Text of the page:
As travel health is a relatively new field (first formally defined in 1988)35 and pre-travel consultations and vaccinations have until recently been largely performed by primary care physicians and physician- or nurse-operated travel clinics, few pharmacy programs have included travel health in their curricula. As a result, pharmacists entering the profession a decade or more ago likely had minimal formal training in travel-related topics beyond non-prescription drug recommendations. While this has not yet been systematically measured on a large scale, lack of knowledge or confidence in travel health has been cited as a barrier preventing the greater provision of travel vaccination services in community pharmacy practice.36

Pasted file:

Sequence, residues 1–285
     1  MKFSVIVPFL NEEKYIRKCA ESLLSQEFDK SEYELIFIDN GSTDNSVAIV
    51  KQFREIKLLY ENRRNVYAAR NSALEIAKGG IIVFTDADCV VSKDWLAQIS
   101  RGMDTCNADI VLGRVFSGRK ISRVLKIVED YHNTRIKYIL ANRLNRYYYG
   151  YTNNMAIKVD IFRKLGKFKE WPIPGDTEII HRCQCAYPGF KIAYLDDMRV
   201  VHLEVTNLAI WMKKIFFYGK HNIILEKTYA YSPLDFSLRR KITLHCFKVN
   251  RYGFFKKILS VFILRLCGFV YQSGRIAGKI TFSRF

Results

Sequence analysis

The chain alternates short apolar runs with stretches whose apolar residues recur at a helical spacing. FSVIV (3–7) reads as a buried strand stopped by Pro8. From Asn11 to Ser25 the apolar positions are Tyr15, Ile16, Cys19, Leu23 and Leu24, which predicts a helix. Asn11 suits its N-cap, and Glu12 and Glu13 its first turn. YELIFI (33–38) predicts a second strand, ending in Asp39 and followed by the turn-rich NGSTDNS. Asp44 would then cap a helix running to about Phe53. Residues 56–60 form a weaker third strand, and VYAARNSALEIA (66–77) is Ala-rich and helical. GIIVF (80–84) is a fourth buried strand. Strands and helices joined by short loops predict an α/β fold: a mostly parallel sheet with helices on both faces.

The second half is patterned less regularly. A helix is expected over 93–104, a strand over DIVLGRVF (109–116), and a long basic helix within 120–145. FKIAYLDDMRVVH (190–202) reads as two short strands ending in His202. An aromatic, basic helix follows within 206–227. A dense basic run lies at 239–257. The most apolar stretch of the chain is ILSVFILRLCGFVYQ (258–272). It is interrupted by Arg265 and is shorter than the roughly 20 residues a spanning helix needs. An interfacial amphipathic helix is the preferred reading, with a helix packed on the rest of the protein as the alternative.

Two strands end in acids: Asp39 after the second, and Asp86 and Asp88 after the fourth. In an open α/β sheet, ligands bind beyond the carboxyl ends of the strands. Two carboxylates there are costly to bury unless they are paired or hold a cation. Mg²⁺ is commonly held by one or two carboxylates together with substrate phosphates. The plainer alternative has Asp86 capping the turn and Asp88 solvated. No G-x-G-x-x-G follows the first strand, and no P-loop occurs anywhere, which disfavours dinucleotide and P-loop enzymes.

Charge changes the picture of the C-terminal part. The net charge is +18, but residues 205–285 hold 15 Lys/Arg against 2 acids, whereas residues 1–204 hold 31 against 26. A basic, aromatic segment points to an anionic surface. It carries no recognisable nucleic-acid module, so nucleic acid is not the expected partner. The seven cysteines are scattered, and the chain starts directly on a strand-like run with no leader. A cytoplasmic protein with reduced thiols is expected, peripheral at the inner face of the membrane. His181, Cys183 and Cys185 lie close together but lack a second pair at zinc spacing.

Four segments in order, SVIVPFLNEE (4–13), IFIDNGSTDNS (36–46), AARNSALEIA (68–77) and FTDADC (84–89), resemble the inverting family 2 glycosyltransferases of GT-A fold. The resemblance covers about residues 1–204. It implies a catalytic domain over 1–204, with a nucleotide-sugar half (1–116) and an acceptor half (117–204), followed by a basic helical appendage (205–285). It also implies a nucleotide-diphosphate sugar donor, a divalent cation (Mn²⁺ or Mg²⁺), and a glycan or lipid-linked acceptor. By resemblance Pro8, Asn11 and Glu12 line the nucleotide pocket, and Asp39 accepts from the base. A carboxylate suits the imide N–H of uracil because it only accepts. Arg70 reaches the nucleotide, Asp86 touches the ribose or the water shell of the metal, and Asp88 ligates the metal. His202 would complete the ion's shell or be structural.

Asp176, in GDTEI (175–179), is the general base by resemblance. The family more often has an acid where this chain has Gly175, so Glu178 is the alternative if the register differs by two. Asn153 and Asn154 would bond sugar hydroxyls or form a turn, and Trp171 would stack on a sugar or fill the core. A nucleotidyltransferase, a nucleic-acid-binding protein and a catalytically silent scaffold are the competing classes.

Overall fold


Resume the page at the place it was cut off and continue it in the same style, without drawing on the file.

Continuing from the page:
The survey of community pharmacists in Alberta, Canada, mentioned previously,19 asked respondents to answer multiple-choice questions related to 2 patient care cases, addressing knowledge on topics including travelers’ diarrhea, altitude sickness, malaria, vaccinations, and other preventable health risks. Respondents were asked to answer the questions to the best of their ability without consulting any clinical references, and were also provided the option of “I don’t know, I would have to look this up” when they were uncertain. They were then asked to rate their level of confidence in the answers they had provided. These pharmacists scored most accurately on questions related to the steps involved in a pre-travel assessment (98% of respondents selected the correct answer) and travelers’ diarrhea (40%), and most poorly on questions related to knowledge of vaccines (4%) and travel at altitude (2%). Confidence in each area of knowledge followed a similar pattern, with overall confidence rated by 21% as “confident”, 8% as “not confident”, and the remaining 71% as “neutral”. While this reflects a general lack of confidence in providing travel care unaided, two-thirds reported that they had confidence in their ability to locate the required clinical information using various references.